Hard to Justify Across-the-Board Federal Pay Raises
James Sherk / Rudy Takala /
The House just voted on a proposal to extend President Obama’s (misnamed) “federal pay freeze” for another year. While Congress has better ways of reducing excessive federal compensation, this approach beats handing out an across-the-board raise.
Americans should not have to take a vow of poverty to work in government, but neither should government workers be paid more than they’re worth. The federal government should pay its employees about what they would make in comparable private-sector jobs.
It does not. Economists from across the political spectrum agree that, on average, the federal government pays more than the private sector for the same work. The Heritage Foundation estimated that federal employees enjoy a 30 percent compensation premium. The Congressional Budget Office estimated a 16 percent premium. Even Alan Krueger, chairman of President Obama’s Council of Economic Advisors, agrees federal employees make more than their private-sector counterparts.
These figures are averages that do not apply to every individual. Many of the government’s most skilled and most productive workers get paid at or below market rates. On average, however, Uncle Sam overpays.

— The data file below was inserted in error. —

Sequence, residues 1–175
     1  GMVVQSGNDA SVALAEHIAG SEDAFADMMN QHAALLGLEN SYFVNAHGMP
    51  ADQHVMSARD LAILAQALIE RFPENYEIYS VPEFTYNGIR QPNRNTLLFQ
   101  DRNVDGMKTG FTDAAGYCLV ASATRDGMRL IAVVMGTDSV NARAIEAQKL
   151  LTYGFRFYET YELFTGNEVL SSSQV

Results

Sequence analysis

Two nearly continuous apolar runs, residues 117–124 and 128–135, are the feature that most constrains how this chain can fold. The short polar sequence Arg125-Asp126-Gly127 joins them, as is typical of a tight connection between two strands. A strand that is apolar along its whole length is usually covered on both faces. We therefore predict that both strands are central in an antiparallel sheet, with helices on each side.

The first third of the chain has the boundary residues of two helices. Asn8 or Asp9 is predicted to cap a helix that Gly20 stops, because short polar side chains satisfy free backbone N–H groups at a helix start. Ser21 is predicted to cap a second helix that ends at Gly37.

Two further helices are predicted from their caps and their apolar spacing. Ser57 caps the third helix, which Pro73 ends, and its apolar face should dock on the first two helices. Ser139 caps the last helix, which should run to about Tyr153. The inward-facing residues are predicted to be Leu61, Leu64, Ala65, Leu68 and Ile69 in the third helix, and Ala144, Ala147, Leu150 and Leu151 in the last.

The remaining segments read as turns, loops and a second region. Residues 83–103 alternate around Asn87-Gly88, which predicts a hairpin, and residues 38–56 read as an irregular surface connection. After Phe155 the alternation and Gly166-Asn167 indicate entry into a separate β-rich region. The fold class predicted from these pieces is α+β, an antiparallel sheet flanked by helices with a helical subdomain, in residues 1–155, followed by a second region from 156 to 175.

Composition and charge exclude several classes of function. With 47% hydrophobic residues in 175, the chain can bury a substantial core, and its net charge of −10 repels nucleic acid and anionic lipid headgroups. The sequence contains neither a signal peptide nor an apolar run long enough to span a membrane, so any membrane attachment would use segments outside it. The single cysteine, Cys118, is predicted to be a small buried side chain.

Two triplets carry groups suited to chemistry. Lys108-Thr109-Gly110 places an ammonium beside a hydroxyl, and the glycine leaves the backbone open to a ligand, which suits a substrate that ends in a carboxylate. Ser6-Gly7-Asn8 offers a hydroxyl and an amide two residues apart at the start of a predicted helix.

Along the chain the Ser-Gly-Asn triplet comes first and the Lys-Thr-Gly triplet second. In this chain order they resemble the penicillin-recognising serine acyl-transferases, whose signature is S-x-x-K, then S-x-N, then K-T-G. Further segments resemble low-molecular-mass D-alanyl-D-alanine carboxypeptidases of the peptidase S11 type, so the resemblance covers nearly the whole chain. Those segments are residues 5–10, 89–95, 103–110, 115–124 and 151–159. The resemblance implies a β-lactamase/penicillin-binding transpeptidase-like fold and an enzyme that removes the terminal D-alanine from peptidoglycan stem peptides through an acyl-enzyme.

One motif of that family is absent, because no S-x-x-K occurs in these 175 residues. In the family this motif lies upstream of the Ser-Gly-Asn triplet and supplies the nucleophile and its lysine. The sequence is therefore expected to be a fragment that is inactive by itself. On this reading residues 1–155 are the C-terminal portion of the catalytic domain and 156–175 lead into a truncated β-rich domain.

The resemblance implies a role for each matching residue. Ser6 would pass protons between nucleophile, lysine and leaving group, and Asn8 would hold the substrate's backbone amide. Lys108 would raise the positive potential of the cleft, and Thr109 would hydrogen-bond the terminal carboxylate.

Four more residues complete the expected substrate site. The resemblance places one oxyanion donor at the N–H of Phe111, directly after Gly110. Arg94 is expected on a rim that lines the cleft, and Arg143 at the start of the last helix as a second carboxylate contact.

The government has difficulty justifying this disparity in normal economic conditions. It makes even less sense in times of rising taxes, spending, and debt.
Even President Obama recognizes this. For the past two years, he suspended the federal annual cost-of-living adjustment (COLA). The media mislabeled this as a pay freeze. In fact, virtually all federal employees have continued to receive seniority-based raises. Now President Obama has restored the COLA as well—an across-the-board 0.5 percent increase. This will cost taxpayers $11 billion over the next 10 years.
Congressman Ron DeSantis (R–FL) recently introduced H.R. 273, which would extend the COLA freeze through 2013. The House passed the measure today. The DeSantis bill would prevent an across-the-board increase, but this ignores the distinction between overpaid and underpaid employees. Congress would do better to cut compensation where it is most inflated.
Federal employees pay little toward their pensions and can retire at 56. Congress should increase both the federal retirement age and pension contributions. Or Congress could turn the seniority-based “step increases” into performance-based raises that only high-performing employees earn. This would save billions without penalizing hard workers.
Barring such reforms, DeSantis’s proposal is far better than doing nothing. Most federal employees enjoy more secure, better paid, and desirable jobs than private-sector taxpayers. Neither the budget problems nor equity arguments justify across-the-board federal raises.
Rudy Takala is currently a member of the Young Leaders Program at The Heritage Foundation. For more information on interning at Heritage, please visit http://www.heritage.org/about/departments/ylp.cfm.